I was recently informed of a question posted on a well-known wedding forum. I happen to have nothing against the website at all, except that at least in this specific case, the answer to a Bride’s inquiry regarding the timing of her sunset wedding was completely off-course. Exhibit A:
My fiance and I are having an outdoor wedding at sunset. We had planned on a 4:30 p.m. start time, since the sun will go down at 4:45. But several of the wedding professionals we’ve spoken to have told us that the wedding ceremony most likely won’t actually start until 5:00, since many wedding guests are likely to be late. Should we put an earlier start time on the wedding invitations or just begin at the time we specified, whether or not everyone has arrived? We don’t want to say our wedding vows in the dark.
Exchanging outdoor vows at sunset is a great idea. Your wedding professionals are right: More guests than one would like to think do show up late to wedding ceremonies, but there’s a simple solution: as you suggested, your invitations should have an earlier start time — say, half an hour before you actually want the ceremony to begin. If you want things to get going at 4:30 p.m., simply invite your guests for 4:00 — and enjoy that sunset.
Because 98% of the weddings I design, plan and coordinate take place on the beach at sunset, I feel both confident and qualified to answer this question correctly.
First of all, because you are most likely paying for some really gorgeous photos of your ceremony, you want the lighting to be perfect.
Lighting, after all, is everything, right?
If you wait until the sun is ACTUALLY setting to walk down the aisle, your lighting is already nearly gone. Starting your ceremony one to one and a half hours before the actual sunset time will give you the most amazing photos because the sunlight will be perfect.
Most beach ceremonies last somewhere between fifteen and twenty minutes, after which the guests usually head to the cocktail hour while the photographer does some fun, casual post-ceremony shots with family, the wedding party and/or just the Bride and Groom. If you start your wedding at sunset (or even 30 minutes prior, as suggested in the Answer above), you will all be in the dark by the time you’ve said, “I Do”, resulting in dim, dark photos, to say the least!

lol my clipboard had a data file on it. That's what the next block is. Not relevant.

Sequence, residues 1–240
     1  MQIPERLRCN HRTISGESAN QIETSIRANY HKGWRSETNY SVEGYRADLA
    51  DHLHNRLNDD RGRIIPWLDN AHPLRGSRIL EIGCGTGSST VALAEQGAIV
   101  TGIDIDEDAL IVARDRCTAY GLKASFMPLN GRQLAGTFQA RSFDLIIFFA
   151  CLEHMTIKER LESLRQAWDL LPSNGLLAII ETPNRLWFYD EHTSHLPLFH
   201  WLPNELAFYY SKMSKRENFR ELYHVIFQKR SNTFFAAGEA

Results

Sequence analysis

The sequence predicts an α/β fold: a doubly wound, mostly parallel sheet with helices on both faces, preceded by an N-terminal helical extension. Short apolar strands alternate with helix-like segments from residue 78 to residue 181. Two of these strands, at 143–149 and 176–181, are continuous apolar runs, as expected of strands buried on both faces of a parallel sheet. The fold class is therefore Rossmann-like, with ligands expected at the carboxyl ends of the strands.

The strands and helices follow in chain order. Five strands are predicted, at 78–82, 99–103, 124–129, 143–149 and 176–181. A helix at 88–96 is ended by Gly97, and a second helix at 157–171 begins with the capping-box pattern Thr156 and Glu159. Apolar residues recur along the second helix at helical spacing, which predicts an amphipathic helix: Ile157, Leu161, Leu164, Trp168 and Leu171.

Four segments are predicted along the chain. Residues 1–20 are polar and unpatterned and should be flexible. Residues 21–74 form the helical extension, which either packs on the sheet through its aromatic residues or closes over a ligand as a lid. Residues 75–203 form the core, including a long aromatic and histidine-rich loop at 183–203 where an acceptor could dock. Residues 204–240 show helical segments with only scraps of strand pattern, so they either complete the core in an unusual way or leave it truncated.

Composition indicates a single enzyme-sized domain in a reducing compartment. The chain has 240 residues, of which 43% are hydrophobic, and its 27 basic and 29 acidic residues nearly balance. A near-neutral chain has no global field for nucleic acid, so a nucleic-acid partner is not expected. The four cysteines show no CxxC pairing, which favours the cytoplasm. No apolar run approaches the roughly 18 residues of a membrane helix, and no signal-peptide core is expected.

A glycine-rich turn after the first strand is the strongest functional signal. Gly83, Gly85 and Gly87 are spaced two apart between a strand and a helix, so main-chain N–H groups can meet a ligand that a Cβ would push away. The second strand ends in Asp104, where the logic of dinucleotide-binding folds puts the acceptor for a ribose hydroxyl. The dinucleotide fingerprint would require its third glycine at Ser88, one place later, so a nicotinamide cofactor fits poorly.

The second part of this Q & A that is completely errant is the assumption (and acceptance) that your guests will show up late to your wedding and you should, therefore choose the time of your wedding to accommodate their tardiness. This is absolutely appalling to me, and should be to anyone planning a wedding! You should set the ceremony start time for whatever time YOU want, not based on how late you anticipate your guests will be!
Again, because the vast majority of our weddings are Destination Weddings, EVERYBODY is on vacation (or as I refer to it, “on Beach Time”). I am very upfront with my Brides about this but I also let them know that their ceremony WILL start on time. The reason for this is that not only is that what I am being paid to do, but every single element of the rest of the night is based on the time the ceremony is to start. You are paying every one of your vendors to perform a service to the best of their ability and have told everyone from the officiant to the musicians, from the caterer to the photographer what time to be ready. If the ceremony starts late then the reception starts late, which puts every carefully planned and coordinated detail of your event behind schedule as well.
During the rehearsal I emphasize to the family and Bridal Party how important it is that everyone be on time and I am sure to have them on site on Wedding Day early enough to ensure there are no close calls.
Occasionally there will be a late guest or two but their lack of punctuality, whether due to unforeseen circumstances or just plain bad manners, should NOT be what you base YOUR Wedding Day around.
So, are you planning a sunset wedding? What are your thoughts? And Photographers….I’d LOVE for you to weigh in on this matter too!
photo of Mix Mingle Glow wedding courtesy of Kate Crafton Photography
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